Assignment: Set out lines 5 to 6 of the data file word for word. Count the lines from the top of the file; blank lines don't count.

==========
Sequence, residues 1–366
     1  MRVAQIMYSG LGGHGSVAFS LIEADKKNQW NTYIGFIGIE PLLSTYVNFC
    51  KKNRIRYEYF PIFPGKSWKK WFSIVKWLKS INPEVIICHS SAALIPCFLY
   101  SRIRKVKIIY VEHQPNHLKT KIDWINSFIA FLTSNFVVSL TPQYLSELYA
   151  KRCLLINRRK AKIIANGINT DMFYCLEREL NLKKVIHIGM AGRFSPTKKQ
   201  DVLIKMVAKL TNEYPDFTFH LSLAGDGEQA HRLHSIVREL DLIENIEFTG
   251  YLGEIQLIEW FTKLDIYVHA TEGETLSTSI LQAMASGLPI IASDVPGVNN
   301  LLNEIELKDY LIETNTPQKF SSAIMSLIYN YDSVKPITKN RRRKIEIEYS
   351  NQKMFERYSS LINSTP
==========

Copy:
   151  KRCLLINRRK AKIIANGINT DMFYCLEREL NLKKVIHIGM AGRFSPTKKQ
   201  DVLIKMVAKL TNEYPDFTFH LSLAGDGEQA HRLHSIVREL DLIENIEFTG